Age-Related Macular Degeneration

Age-Related Macular Degeneration is a disease that affects the retina in the back of the adult eye. 

  • The retina contains the cells that function by receiving visual information from the environment.
  • The macula is in the center of the retina and contains the cells responsible for our central vision.
  • Damage to the macula causes patients to see less in the center of their vision.
ASRS illustraation, What is the Retina.

Risk Factors

  • Age over 60
  • History of smoking
  • Caucasians have a higher risk than African-Americans or Latinos.
  • Family history or genetic factors

Two Types of Macular Degeneration

Dry Macular Degeneration

  • More common
  • Drusen (small yellow spots) are present
  • Thinning of the layer beneath the retina
  • Can lead to progressive decreased vision
  • May be mild in some patients
  • Early Symptom: Difficulty reading

Wet Macular Degeneration

  • Can be aggressive
  • Growth of abnormal blood cells underneath the retina
  • Blood cells may bleed or leak
  • Causes loss to the center of the vision
  • Complete blindness very rare
  • Early symptoms:
    • Visual distortion –objects look crooked or bent
    • Center of vision is dark

An Amsler Grid is a hand-held chart with a grid pattern which is useful to detect early visual distortion in wet macular degeneration.

Amsler Grid image for self testing.

 

What are the Signs?

Anatomy of the retina showing Drusen spots
Small yellow spots called Drusen can be detected during a complete eye exam.  They do not always lead to vision problems.
When patients experience a decrease in vision and medium to large drusen are present, we use the term macular degeneration.

How is it diagnosed?

  • A complete eye examination using drops to dilate the pupil.
  • Further testing such as optical coherence tomography (OCT).
  • Fluorescein angiography to identify abnormal blood vessels in wet AMD. This test is performed by injecting a vegetable dye into an arm vein while taking photographs of the retina.

Treatment

An ophthalmologist who is experienced in interpreting the results of sophisticated examination and testing should recommend the best course of treatment for each patient.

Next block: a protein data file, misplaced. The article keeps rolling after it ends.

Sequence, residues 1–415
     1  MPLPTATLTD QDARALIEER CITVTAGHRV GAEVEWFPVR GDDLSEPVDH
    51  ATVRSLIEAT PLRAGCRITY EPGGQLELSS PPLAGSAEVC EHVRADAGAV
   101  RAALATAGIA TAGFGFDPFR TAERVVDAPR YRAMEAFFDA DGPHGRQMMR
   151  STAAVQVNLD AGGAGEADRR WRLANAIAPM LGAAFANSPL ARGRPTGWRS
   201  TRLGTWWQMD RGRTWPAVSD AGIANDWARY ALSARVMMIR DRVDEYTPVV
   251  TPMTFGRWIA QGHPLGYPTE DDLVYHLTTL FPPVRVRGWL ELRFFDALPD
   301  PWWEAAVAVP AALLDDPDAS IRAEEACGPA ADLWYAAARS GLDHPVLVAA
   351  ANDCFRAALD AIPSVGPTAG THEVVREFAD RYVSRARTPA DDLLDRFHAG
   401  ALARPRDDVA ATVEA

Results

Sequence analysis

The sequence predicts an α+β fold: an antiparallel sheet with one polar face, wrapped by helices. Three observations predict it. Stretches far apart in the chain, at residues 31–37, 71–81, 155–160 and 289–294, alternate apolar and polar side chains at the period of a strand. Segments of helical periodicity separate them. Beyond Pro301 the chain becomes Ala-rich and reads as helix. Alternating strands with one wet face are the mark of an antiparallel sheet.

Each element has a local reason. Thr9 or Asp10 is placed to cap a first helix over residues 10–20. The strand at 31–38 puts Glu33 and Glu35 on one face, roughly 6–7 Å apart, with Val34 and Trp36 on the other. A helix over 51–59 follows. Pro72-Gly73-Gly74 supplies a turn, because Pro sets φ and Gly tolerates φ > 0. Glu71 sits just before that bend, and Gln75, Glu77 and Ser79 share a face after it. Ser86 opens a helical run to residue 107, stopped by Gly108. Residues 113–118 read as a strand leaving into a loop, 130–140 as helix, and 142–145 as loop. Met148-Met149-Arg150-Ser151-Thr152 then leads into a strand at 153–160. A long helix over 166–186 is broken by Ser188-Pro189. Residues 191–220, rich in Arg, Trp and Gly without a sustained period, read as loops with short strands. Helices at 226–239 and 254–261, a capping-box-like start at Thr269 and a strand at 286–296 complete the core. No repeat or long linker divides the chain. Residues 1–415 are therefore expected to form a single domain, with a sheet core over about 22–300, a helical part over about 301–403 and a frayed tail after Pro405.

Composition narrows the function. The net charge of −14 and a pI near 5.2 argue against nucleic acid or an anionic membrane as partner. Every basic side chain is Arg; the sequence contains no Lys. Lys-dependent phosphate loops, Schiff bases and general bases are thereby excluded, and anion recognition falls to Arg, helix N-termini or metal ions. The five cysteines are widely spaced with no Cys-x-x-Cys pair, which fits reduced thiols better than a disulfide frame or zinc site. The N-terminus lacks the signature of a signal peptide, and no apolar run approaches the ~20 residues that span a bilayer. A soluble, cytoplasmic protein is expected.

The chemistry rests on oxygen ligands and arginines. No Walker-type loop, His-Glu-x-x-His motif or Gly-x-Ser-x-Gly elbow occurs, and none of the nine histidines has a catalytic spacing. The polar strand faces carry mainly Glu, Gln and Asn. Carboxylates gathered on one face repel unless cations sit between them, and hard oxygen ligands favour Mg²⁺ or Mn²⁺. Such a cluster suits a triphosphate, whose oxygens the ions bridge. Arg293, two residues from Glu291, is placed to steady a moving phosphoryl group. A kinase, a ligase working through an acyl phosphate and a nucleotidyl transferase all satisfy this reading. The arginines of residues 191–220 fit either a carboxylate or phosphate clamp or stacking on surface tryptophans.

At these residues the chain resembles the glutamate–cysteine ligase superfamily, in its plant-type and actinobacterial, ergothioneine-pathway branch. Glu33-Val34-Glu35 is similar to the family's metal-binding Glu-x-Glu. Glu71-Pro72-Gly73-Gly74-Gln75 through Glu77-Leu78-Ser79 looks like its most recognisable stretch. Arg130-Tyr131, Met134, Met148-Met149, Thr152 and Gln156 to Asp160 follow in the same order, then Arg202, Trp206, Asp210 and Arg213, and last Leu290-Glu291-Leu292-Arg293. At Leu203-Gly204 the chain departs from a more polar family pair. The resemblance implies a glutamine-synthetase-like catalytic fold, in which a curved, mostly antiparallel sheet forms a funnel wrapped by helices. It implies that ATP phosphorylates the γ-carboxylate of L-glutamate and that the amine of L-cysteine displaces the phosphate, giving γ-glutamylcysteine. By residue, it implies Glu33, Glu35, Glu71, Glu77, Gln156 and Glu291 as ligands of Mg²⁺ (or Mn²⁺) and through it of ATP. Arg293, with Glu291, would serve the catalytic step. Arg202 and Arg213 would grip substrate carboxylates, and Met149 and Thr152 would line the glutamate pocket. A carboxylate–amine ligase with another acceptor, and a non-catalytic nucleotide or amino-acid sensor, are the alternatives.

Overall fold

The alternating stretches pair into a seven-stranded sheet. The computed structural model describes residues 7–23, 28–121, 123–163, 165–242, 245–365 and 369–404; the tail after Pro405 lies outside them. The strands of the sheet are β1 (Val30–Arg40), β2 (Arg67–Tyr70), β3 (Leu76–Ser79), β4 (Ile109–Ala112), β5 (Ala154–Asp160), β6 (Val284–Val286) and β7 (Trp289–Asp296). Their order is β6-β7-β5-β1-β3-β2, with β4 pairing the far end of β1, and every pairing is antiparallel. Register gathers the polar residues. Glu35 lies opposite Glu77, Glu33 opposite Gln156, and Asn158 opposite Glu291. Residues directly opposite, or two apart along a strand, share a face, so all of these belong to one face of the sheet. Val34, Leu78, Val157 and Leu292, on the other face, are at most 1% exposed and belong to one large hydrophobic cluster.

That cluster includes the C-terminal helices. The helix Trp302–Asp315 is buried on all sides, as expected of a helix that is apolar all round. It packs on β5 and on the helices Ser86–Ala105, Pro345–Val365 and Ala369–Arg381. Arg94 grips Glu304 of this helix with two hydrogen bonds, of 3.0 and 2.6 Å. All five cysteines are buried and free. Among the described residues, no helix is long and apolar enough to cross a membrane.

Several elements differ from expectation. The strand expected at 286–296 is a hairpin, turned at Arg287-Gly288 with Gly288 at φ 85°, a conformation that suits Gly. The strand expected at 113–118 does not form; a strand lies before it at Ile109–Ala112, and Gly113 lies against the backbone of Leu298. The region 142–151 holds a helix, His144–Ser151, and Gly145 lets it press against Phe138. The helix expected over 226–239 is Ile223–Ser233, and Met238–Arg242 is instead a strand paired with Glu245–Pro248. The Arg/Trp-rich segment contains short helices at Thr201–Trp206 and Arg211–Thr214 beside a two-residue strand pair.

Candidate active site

• Monitoring: Most cases of macular degeneration do not need to be treated, and patients maintain good vision.
  • Laser treatment can benefit a small percentage of patients who develop wet AMD.
  • Intra-vitreal injections – The injection of anti-VEGF (vascular endothelial growth factor) drugs into the vitreous cavity can be a highly effective treatment for wet AMD.  The drugs (ranibizumab, bevacizumab and aflibercept) stop the growth of new blood vessels in the eye.  This is done as an office procedure. Patients require periodic monitoring of their disease to reevaluate for additional treatments with the anti-VEGF agents.  Most patients require a series of injections.

Prevention

In a large clinical trial throughout the US, called the AREDS2 study, daily use of a combination of vitamin A, C and E demonstrated a benefit for certain forms of dry age-related macular degeneration. Patients were less likely to develop wet macular degeneration.

Most patients with moderate numbers of drusen can begin vitamin supplementation to reduce the potential risk of developing wet macular degeneration. An ophthalmologist should evaluate your medical history and determine whether vitamin supplementation is right for you.

The earlier that wet macular degeneration is detected, the greater the possibility that a laser treatment may be effective in maintaining vision. Therefore, patients are encouraged to use an amsler grid regularly to monitor changes, and to see their ophthalmologist if they have any changes or symptoms.

 

 

Additional information about ARMD can be found on the following websites:

American Academy of Ophthalmology:

American Society of Retina Specialists